Cross-Cultural Kids: a different kind of TCKs?

When I discovered the name Third Culture Kids and read up about what it means, I was pretty happy. I am not one for labels but I felt I had found a concept that could help me support my children in building their own their identity and answer their potential future questions. However, the more I read about third culture kids (TCK) the more I feel like my children are not (in the traditional sense of the term).

Cross Cultural Kids or Third Culture Kids

What is a Third Culture Kid?

The usual definition of a third culture kid (TCK) goes something like this:
A TCK is an individual who, having spent a significant part of their developmental years in a culture other than that of their parents, develops a sense of relationship to both.
Why third culture? Should it not be two then? Useem used the term Third Culture Kids because "TCKs integrate aspects of their birth culture (the first culture) and the new culture (the second culture), creating a unique “third culture”". You can find out more about this definition here.

Those children are neither completely like either culture but more like a blend of the two cultures. BUT being a TCK is not just an "amalgamation" (Pollock & Van Recken, 4) of the two cultures they experience. They relate to other children who lead a similar life (even if they have no culture in common) much more than those who come from either of their two cultures. They share this international, often mobile, lifestyle others may not comprehend.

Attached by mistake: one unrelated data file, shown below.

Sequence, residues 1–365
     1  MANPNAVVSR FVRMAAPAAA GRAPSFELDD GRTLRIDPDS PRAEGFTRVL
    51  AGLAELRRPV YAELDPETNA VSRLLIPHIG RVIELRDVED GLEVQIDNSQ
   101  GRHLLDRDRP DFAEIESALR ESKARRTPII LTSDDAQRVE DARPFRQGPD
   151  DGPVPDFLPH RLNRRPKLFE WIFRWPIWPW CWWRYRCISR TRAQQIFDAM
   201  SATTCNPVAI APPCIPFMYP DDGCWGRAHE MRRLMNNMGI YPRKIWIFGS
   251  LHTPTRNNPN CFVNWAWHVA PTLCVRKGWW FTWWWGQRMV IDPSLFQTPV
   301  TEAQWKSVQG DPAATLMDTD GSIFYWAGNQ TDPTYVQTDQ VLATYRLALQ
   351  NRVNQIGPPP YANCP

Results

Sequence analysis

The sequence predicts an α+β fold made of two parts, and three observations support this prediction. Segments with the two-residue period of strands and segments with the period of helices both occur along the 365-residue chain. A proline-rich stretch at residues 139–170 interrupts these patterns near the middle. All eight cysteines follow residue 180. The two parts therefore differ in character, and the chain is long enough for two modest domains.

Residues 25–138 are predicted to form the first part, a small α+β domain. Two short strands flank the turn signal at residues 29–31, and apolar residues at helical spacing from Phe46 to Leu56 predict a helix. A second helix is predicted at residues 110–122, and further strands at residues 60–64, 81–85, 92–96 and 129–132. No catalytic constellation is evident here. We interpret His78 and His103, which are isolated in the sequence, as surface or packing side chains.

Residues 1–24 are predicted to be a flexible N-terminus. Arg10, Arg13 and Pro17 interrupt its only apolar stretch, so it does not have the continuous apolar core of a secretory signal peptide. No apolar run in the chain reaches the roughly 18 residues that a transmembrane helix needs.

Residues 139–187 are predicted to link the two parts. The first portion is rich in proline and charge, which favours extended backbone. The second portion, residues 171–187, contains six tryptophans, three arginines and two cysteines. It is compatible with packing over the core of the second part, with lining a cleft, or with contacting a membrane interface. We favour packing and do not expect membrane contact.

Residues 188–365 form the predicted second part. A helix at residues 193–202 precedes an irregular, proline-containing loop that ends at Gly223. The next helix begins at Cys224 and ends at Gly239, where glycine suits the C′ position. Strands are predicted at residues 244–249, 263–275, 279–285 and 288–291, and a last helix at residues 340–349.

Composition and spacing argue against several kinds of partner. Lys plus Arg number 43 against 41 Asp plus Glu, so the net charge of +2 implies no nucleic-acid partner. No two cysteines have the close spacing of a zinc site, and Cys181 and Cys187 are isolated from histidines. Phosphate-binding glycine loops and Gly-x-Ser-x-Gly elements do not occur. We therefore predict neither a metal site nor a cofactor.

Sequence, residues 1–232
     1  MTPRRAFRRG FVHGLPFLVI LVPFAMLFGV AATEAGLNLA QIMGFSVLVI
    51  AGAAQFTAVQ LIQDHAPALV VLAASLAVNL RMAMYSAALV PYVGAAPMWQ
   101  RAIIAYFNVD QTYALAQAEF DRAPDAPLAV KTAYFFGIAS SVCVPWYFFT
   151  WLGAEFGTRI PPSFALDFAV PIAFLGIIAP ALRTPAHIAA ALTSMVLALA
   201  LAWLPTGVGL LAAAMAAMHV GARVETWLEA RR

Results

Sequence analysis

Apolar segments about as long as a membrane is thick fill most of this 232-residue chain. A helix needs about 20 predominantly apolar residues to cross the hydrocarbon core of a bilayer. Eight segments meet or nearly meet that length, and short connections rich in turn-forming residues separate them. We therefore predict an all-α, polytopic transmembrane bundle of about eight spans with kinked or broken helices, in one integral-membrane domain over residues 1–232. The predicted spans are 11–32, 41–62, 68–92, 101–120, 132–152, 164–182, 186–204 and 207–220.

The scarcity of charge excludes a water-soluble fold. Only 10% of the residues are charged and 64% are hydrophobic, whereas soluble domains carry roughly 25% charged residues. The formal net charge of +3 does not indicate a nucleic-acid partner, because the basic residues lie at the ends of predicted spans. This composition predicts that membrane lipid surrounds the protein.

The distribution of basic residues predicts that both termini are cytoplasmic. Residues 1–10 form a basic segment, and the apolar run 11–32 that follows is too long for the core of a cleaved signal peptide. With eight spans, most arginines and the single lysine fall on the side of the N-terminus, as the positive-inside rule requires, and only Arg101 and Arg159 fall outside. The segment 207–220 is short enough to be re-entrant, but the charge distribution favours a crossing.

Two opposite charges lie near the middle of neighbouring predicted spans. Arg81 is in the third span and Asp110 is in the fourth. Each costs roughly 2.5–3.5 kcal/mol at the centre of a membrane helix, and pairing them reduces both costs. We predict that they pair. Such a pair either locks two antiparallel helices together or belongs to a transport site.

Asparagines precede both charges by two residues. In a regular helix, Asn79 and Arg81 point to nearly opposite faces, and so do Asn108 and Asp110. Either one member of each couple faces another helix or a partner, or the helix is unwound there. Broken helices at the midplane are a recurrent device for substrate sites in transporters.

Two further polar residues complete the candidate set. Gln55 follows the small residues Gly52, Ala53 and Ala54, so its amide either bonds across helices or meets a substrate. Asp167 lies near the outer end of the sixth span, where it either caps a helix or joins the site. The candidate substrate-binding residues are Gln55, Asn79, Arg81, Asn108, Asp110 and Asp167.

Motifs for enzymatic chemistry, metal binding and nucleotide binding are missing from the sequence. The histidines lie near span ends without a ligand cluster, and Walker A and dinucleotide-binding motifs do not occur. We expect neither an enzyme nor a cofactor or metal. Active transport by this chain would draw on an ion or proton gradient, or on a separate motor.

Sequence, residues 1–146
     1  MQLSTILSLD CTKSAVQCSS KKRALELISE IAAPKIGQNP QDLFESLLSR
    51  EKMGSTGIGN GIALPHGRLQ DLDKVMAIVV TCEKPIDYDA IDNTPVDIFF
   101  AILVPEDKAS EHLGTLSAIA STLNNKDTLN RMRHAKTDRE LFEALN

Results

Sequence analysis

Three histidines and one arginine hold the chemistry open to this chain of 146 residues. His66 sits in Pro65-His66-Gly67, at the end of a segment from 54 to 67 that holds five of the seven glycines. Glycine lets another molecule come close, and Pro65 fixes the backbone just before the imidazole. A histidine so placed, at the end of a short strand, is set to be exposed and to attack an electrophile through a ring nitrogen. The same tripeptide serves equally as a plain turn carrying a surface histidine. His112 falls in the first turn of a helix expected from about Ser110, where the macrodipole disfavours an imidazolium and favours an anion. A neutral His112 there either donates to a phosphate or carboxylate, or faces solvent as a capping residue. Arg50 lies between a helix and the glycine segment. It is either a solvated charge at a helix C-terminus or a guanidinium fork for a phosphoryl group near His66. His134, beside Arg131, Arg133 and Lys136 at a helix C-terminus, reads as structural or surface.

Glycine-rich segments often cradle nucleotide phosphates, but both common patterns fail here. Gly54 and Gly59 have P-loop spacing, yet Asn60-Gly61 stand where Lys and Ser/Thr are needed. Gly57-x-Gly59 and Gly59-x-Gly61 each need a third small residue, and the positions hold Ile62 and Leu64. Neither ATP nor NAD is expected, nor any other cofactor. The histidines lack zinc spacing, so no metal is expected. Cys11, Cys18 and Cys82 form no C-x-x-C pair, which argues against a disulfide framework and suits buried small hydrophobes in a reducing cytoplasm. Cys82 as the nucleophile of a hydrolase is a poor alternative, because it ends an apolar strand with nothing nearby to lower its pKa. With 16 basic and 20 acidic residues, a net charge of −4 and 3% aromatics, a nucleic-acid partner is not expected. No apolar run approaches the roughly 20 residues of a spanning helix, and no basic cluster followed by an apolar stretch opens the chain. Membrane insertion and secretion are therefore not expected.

These TCKs traditionally came from corporate families, missionary, military or diplomatic families. These children have accompanied their parents into other societies and grown up in a culture other than that defined by their passport. They will often travel back and forth between the two cultures, will often be expected to repatriate at some point in their life.

The issue with the Third Culture Kid definition

This definition, based on Useem's research, was put forth more widely in Third Culture Kids by Pollock & Van Recken (1999). The book remains one of the most significant piece of work in this area. That book is almost 20 years old and it feels.

As a commenter on this article mentioned:
"Time to outgrow the TCK model and definition. It served its initial purpose to shed light on an uncommon phenomenon. Today, the “third culture kid” phenomenon seems to have been mostly explored from an American worldview, cognitive framework and socio-psychological dimensions.